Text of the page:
Tuesday, December 30, 2008
I thoroughly enjoyed the outing and had one more that season when I was fortunate enough to get 5 fish but none as large as that first one.
I didn't manage to get a Pike outing in 2008 but it is certainly something I would love to do more of given the time and money to buy the gear necesary.
You can never say never but if I do get into it, it will not be in the near future as finances will not allow it at the moment - I think my main and only purchases in 2009 will be another trip to Lough Corrib in Ireland and a Salmon licence - it was my 50th year in 2008 and having given in to an urge I've had for some time now (I decided to start Salmon fishing again after many years away from it), my present from my wife was a new Salmon fly rod.
So it could be a busy time at the vice for me - tying for the new Trout season, tying for Corrib and now I'll need some Salmon flies.
Tomorrow is the last day of 2008 and I'm going to see it out with a day for the Grayling - I hope it's not as cold as it was today - it was still -6 mid morning and didn't get above freezing all day.
Saturday, December 27, 2008
The banks stayed frozen all day and with the river looking lifeless I set up with the bugs but sport was slow today and I didn't get a touch for the first hour, then a good grayling came to the pink bug on the point.
Saturday, December 20, 2008
My last outing was a short affair at the end of November - it was during the cold spell, the day started and stayed bitterly cold with a severe frost and a freezing mist hanging over the river.
The start couldn't have been better with fish 2nd, 3rd and 4th casts, all coming to a pink bug - pink works really well for me at this time of year.
These fish all came on the hang - which was surprising as I expected them to be deep in the cold and lifeless conditions, the rest of my catch didn't disappoint with all coming when the flies were at their deepest - takes were gentle with only the slightest movement indicating a take but all fought well.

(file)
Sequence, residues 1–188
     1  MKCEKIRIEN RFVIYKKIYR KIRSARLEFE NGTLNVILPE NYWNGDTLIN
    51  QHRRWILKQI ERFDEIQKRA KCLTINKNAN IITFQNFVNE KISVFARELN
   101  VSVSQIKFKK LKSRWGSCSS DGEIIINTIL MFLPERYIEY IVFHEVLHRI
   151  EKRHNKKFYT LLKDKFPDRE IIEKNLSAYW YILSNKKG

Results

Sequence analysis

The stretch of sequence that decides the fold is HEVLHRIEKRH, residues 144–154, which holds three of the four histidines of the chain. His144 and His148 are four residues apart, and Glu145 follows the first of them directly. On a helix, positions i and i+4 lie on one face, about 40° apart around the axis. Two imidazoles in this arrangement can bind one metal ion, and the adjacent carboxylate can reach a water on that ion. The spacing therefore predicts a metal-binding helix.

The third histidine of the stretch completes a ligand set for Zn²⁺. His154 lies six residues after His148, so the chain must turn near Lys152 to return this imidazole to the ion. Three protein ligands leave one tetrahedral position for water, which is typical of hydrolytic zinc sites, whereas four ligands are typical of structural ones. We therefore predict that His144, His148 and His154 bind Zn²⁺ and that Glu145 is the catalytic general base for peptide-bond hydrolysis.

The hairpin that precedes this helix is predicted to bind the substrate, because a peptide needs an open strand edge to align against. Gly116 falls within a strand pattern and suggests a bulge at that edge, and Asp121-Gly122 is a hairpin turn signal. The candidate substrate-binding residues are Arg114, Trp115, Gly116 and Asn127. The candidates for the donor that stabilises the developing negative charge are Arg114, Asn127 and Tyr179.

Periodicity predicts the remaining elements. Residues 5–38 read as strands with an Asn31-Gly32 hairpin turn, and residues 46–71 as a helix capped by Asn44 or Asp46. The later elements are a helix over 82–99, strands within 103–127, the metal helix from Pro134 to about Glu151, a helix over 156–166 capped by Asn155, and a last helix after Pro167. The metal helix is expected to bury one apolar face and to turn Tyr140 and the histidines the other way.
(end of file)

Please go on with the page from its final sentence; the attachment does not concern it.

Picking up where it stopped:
It was too cold to get my hands wet so they were played to within reach as quickly as possible then gripping the barbless fly, the fish were shaken off and all swam off without any problem.
So my last outing was very cold and very short, and now after a few lost weekends I'm desperate to get out again - looking at the river and the weather forecast it looks like it's this weekend.
Merry Christmas and many tight lines in 2009 to you all
Friday, November 7, 2008
The river looked dead - no flylife about and consequently no sign of any surface activity. It was too cold to mess about with too many changes so I decided the best idea was to zip up tight to keep the wind out, get the bugs on, stick with them and search.
The Eden is a big river down here and those not used to it may find it quite intimidating, but like any other large expanse of water you just need to break it down into likely fish holding areas, then fish what you can and where you can as efficiently as possible.
One method that is becoming quite popular down here is to suspend your bugs below a bite indicator - I know some are against bite indicators and say it's float fishing and not fly fishing - although it's not a method I use a lot as I find it a bit boring I have nothing against anyone that does employ it as on some days, especially in the depths of winter, the indicator can be the difference between success and failure, it can also be a very effective way of searching large and sometimes inaccessible areas of water like we have here on the lower river.
Sunday, November 2, 2008
The river was relatively low and clear, and with no sign of any surface activity we both set up with bugs - the starting method was short line or Czech nymphing.
I nearly had the perfect start with a fish second cast but it dropped off as I brought it to the net, this was quickly followed by a 15 3/4" (39cm) grayling, then another dropped - three chances in the first six casts, the fish in excellent condition and fighting hard - this had the makings of a good day.
We saw our first trickle of olives at about 1230 and the odd fish started to show an interest in them, sport on the bugs had slowed and I was contemplating a change to a team of spiders when Andrew beat me to it, so I decided to persevere with the bugs as I was still picking up the odd fish.
Andrews change was justified when he took a fish on a Greenwell's spider and rose two others before they started to ignore the spiders - a quick change to a dry fly produced a missed take.
Fish continued to rise sporadically throughout the afternoon but on closer inspection we found that there was midge on/in the surface and after watching several olives float downstream untouched we decided that the grayling were more than likely on these.
Monday, October 27, 2008
The Eden in the fields downstream of the M6 motorway bridge at Carlisle
The forecast for the week isn't too bad and hopefully we'll be out at the weekend, so I'm busy replenishing my bug stocks
I did manage an outing on the Eden the weekend before last with a couple of clients (Christian and John) - it was their first ever outing on a river and the Grayling didn't let me down - fishing a mixture of bugs and spiders they caught five Grayling to 14 inches and missed others